With eight days to go before the majority of Canadians cast their ballots, the Conservatives have gotten an unlikely boost in the critical battleground riding of Whitby: former Liberal MP Celina Caesar-Chavennes.
In an interview with The West Block's Mercedes Stephenson, Caesar-Chavennes, who left the Liberal Party caucus to sit as an independent, indicated she intends to vote for Conservative candidate Maleeha Shahid, where she once represented the riding as a Liberal.
She left the Liberal caucus after an interview published in the Globe and Mail, where she spoke out about private conversations she had with Justin Trudeau about her intention to not seek re-election in the 2019 election. She told The West Block that she "cried" upon reading an excerpt from former Attorney General Jody Wilson-Raybould's forthcoming memoir, which detailed a tense discussion between Raybould and Trudeau amid the SNC-Lavalin scandal.
"I wasn’t heartbroken because I felt the hurt. I wasn’t heartbroken because of the pain that I felt. I wasn’t heartbroken because some of that feeling that was in that room was so familiar to me,” Caesar-Chavannes said. "I was heartbroken because we keep continuing to reward bad behavior from a prime minister that won a 2019 election, had a majority and a minority government for six years, (and) continues to say there is more to do."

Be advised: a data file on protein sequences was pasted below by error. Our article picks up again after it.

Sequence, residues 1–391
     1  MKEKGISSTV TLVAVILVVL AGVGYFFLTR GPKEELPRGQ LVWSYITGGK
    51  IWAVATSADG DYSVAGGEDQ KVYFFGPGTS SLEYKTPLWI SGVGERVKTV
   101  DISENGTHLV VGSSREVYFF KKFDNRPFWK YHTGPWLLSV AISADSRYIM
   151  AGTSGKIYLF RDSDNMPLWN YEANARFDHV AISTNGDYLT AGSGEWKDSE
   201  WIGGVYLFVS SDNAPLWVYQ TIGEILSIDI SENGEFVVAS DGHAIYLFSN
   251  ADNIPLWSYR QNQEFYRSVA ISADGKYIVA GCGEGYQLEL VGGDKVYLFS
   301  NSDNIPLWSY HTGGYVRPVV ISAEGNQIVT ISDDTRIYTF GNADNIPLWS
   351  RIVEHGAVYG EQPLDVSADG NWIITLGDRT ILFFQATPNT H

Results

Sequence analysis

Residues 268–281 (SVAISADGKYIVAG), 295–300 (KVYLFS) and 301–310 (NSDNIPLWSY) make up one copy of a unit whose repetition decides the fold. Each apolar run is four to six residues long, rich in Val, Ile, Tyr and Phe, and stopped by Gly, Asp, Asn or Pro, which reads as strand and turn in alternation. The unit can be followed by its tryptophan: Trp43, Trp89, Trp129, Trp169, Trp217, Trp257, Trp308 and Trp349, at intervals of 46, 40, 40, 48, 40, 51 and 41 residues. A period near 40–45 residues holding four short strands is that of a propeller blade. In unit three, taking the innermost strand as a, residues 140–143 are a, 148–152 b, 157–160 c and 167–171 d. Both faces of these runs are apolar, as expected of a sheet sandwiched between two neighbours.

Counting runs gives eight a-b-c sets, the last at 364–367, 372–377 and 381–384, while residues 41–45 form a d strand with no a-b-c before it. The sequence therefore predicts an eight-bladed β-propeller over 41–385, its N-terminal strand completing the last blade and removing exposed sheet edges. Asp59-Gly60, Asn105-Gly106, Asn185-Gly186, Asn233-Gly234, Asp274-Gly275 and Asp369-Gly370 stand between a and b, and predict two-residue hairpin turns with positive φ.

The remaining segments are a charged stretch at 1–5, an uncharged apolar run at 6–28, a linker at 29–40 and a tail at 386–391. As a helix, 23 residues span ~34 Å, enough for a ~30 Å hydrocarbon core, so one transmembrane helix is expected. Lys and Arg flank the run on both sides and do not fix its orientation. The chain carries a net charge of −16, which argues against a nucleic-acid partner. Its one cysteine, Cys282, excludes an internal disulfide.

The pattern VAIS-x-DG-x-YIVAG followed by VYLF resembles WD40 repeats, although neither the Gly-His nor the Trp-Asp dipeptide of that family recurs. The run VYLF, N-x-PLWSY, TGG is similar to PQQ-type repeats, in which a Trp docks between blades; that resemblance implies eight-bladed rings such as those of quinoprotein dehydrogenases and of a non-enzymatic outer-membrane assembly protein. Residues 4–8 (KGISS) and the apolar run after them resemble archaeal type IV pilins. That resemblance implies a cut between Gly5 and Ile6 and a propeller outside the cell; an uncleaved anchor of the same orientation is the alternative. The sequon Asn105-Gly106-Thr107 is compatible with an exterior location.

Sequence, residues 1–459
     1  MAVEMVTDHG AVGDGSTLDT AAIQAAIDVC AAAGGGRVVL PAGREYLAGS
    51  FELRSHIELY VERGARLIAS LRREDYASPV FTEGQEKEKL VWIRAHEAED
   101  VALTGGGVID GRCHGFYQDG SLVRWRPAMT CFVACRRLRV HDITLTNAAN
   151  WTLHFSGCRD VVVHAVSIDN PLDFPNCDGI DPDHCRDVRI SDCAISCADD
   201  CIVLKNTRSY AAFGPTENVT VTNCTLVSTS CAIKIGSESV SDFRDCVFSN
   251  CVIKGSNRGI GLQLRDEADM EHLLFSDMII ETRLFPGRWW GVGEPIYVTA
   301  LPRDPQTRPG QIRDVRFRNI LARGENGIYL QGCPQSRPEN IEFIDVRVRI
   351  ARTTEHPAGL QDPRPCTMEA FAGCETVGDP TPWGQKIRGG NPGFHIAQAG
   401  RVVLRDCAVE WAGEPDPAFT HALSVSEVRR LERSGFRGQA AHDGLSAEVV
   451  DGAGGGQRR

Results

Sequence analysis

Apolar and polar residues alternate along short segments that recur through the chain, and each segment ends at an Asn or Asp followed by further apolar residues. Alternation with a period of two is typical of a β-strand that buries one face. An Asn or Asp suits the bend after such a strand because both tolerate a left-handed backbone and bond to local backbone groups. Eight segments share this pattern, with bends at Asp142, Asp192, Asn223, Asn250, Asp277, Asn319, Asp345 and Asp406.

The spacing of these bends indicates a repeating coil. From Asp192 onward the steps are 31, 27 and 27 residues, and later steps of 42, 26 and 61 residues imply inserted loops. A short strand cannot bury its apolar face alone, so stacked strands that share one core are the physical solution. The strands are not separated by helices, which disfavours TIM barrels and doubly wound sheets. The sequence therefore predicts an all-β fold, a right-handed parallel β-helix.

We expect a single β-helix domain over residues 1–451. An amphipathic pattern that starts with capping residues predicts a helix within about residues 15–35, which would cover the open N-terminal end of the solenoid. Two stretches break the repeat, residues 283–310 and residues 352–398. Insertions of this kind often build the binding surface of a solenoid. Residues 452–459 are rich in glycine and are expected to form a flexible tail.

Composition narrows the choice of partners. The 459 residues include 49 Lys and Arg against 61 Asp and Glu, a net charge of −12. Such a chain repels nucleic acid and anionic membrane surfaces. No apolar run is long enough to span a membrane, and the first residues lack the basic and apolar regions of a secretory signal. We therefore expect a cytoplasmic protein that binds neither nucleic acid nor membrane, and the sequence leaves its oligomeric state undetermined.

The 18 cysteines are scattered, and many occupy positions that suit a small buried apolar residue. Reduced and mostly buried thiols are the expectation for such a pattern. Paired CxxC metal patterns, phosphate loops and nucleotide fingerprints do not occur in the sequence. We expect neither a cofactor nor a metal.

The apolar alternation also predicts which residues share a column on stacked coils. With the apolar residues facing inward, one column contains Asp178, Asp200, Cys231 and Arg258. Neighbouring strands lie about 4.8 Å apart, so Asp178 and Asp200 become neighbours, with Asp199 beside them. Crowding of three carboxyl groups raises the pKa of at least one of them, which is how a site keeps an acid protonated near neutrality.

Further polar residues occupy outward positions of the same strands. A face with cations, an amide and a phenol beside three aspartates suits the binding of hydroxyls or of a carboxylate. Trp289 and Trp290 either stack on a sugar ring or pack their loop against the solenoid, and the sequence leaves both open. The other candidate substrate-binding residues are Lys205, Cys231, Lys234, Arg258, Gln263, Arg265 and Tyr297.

Asked about her voting intentions for this election, Caesar-Chavannes indicated she is leaning Conservative: “I’m very much a Liberal at heart, but I would say that in this particular instance, in 2021, I don’t mind voting for my local representative, Maleeha Shahid, who is a Conservative,” Caesar-Chavannes said. “I’ve never [voted Conservative] in my life. But at this particular time, maybe we have to think about doing things differently.”
An outspoken critic of Trudeau, Caesar-Chavannes has also had criticism of Conservative leader Erin O'Toole, especially on the absence of any specific mention of racism and racial inequality in the Conservative party platform.
Justin Trudeau was asked about his former MP's comments on a whistle stop on Sunday morning, and the Liberal leader said he "wishes her all the best" before pivoting back to an attack on Conservative leader Erin O'Toole: "People have a really important choice to make in this election... Mr. O'Toole wants to take Canada back, take it back to 1951, apparently."